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Exercise and weight-loss

July 25, 2000

NEW YORK, July 24 (Praxis Press) Whether weight loss resulting from exercise or diet causes the same improvement in health is unclear. It is also unknown whether exercise without weight loss provides health benefits for people who are overweight. To compare the effects of diet-induced weight loss with those of exercise-induced weight loss, and the effects of an exercise program without weight loss in obese persons, Ross and colleagues studied 52 obese men. The study participants were randomly as

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Growth hormone and CVD

July 25, 2000

NEW YORK, July 25 (Praxis Press) Growth hormone-deficient adults are more likely to die from cardiovascular disease (CVD), but the effect of growth hormone replacement on inflammatory and other cardiovascular risk factors is unclear. To find out whether giving growth hormone to adults with low levels of this hormone improves risk factors for CVD, Sesmilo and colleagues performed a randomized, placebo-controlled trial of 40 men with adult-onset growth hormone deficiency. They administered growth

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Inflammation and CAD

July 25, 2000

NEW YORK, July 24 (Praxis Press) Low-grade inflammation has been implicated in the pathogenesis of coronary artery disease (CAD). Danesh and colleagues studied the association of inflammatory markers and subsequent CAD in middle-aged British men. Coronary artery disease was associated with baseline levels of plasma C reactive protein, serum amyloid A protein, and serum albumin, and baseline leukocyte counts. However, these markers were not associated with Helicobacter pylori seropositivity, Chla

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NEW YORK, July 24 (Praxis Press) Left ventricular systolic function is preserved in many patients with symptoms of heart failure, often prompting a diagnosis of diastolic heart failure. Caruana and colleagues evaluated underlying causes of symptoms in patients referred for echocardiography because of suspected heart failure. In 94% of patients who did not have left ventricular systolic dysfunction, valvular disease, or atrial fibrillation, symptoms suggestive of heart failure were traced to obes

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NEW YORK, July 24 (Praxis Press) The differential diagnosis of arterial occlusive disease includes a host of conditions that cause embolism or thrombosis. Dingli and colleagues report a case of severe digital occlusive disease with an unusual infectious etiology. A woman with flulike illness subsequently developed cyanosis and pain in her fingers. Vascular studies revealed a fixed arterial occlusion, and an enzyme immunoassay revealed acute seroconversion for parvovirus B19. Parvovirus B19 infec

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NEW YORK, July 24 (Praxis Press) Previous reports have documented that sodium cromoglicate has antisickling activity in vitro. Toppet and colleagues studied this antisickling activity in sickle-cell patients given sodium cromoglicate by inhalation or nasal route. Both treatments significantly decreased the percentage of sickle cells in venous blood; this effect was largely retained when the blood was deoxygenated. Sodium cromoglicate may be a clinically useful antisickling drug that has the adde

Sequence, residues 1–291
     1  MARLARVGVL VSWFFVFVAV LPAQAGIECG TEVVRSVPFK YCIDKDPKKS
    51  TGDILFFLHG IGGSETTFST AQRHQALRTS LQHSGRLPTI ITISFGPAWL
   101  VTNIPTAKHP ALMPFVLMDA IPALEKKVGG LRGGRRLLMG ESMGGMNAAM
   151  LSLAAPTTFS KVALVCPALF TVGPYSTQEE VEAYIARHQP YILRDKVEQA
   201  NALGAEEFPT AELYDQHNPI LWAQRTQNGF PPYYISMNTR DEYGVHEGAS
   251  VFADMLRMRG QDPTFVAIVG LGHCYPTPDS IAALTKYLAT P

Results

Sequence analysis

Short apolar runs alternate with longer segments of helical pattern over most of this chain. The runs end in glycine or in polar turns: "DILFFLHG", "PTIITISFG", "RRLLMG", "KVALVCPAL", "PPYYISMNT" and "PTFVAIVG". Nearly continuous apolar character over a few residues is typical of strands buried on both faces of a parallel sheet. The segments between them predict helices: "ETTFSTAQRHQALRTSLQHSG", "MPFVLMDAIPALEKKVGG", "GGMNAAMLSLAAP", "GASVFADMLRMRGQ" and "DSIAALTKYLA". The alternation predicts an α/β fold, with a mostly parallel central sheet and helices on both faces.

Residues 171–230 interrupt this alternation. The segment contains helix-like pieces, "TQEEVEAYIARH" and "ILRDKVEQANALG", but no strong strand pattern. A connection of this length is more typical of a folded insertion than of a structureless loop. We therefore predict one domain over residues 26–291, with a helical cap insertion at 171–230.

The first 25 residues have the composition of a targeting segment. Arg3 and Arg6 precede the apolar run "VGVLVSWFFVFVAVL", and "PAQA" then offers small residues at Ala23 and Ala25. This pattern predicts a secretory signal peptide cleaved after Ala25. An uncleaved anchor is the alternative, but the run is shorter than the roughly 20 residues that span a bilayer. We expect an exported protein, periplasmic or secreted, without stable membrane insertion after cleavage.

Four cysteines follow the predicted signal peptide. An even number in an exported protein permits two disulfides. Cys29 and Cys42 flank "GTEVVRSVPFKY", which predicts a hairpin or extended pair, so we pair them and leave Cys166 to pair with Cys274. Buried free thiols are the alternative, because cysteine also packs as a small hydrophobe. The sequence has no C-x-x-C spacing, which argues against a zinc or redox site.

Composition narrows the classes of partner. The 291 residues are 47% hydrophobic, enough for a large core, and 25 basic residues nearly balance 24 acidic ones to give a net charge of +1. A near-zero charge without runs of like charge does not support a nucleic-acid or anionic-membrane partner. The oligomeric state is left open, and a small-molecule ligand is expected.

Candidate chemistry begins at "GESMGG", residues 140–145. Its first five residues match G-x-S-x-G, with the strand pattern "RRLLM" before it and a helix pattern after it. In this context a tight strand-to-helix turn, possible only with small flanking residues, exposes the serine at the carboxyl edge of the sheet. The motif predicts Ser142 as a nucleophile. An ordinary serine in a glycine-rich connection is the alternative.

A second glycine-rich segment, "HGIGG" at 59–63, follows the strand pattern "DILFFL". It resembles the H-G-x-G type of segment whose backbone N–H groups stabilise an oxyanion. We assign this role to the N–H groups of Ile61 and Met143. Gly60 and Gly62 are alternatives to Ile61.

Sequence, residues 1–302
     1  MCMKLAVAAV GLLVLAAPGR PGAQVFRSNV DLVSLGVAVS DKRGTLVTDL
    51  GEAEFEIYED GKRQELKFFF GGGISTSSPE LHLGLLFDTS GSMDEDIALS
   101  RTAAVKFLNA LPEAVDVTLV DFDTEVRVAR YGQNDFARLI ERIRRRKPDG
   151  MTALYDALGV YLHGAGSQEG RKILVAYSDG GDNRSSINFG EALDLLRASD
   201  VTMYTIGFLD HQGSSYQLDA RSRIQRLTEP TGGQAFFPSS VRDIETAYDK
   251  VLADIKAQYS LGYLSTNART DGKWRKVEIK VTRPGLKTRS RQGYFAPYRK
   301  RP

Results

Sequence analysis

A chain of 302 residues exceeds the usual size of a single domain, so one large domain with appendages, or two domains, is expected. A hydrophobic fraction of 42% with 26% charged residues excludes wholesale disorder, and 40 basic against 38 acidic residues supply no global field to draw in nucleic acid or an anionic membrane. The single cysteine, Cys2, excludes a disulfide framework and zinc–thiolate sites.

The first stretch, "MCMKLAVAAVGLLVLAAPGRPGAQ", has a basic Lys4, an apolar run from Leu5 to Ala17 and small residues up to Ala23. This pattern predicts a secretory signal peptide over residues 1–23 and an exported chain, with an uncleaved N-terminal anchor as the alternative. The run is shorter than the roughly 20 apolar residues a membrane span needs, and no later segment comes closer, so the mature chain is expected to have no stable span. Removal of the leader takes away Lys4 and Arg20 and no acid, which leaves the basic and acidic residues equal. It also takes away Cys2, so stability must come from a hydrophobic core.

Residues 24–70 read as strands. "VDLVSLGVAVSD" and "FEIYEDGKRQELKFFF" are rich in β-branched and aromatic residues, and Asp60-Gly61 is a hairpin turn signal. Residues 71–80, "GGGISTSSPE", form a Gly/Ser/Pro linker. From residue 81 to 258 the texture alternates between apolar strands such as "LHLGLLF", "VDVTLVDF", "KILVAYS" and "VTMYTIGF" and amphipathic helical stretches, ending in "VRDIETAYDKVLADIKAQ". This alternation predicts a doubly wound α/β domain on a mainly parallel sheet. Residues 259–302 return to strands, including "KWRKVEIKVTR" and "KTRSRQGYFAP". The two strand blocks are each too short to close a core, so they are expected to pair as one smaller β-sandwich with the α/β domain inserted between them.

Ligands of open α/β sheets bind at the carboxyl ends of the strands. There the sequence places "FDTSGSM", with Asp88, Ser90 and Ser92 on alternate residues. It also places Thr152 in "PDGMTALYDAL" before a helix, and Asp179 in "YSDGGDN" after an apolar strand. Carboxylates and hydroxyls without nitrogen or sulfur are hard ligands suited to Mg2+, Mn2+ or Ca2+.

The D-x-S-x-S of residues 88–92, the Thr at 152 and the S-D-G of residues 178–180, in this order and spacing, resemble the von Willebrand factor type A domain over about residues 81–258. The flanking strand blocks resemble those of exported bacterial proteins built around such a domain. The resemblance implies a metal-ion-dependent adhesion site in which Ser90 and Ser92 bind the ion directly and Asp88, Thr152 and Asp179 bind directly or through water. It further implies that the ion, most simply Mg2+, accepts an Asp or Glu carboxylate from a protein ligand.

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Suplatast and asthma

July 25, 2000

NEW YORK, July 24 (Praxis Press) Th2 cytokines are strongly implicated in the immunopathology of asthma. Tamaoki and colleagues evaluated the steroid-sparing effect of suplatast tosilate, a selective Th2 cytokine inhibitor, relative to placebo in patients with steroid-dependent asthma. When steroid doses were halved, patients in the suplatast tosilate group had less deterioration of pulmonary function, asthma symptoms, and reliance on beta2-agonists for relief. These benefits were achieved with

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A cell of few modes

By | July 24, 2000

A mathematical re-analysis of microarray gene expression data reveals that the vast majority of expression patterns can be represented by just a few 'characteristic modes'.

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Emerging infectious diseases transmitted electronically

By | July 24, 2000

LONDON, July 24 (Science Analysed) The 2000-strong International Conference on Emerging Infectious Diseases concluded on 19 July in Atlanta, Georgia. But if you weren't there, don't despair. The organizers are offering online versions of selected presentations, with audio and slides, scheduled to go live from today, as well as a searchable abstracts system.The Atlanta programme included current work on surveillance, epidemiology, research, communication and training, bioterrorism, and the preven

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NEW YORK, July 18 (Praxis Press) The complexity of antiretroviral regimens may be an obstacle to adherence among patients infected with the human immunodeficiency virus (HIV). Paterson and colleagues evaluated the importance of adherence to protease inhibitor therapy among HIV-infected patients (see paper). Good adherence was associated with decreased virologic failure, fewer days of hospitalization, and fewer opportunistic infections. An adherence level of 95% was identified as a critical level

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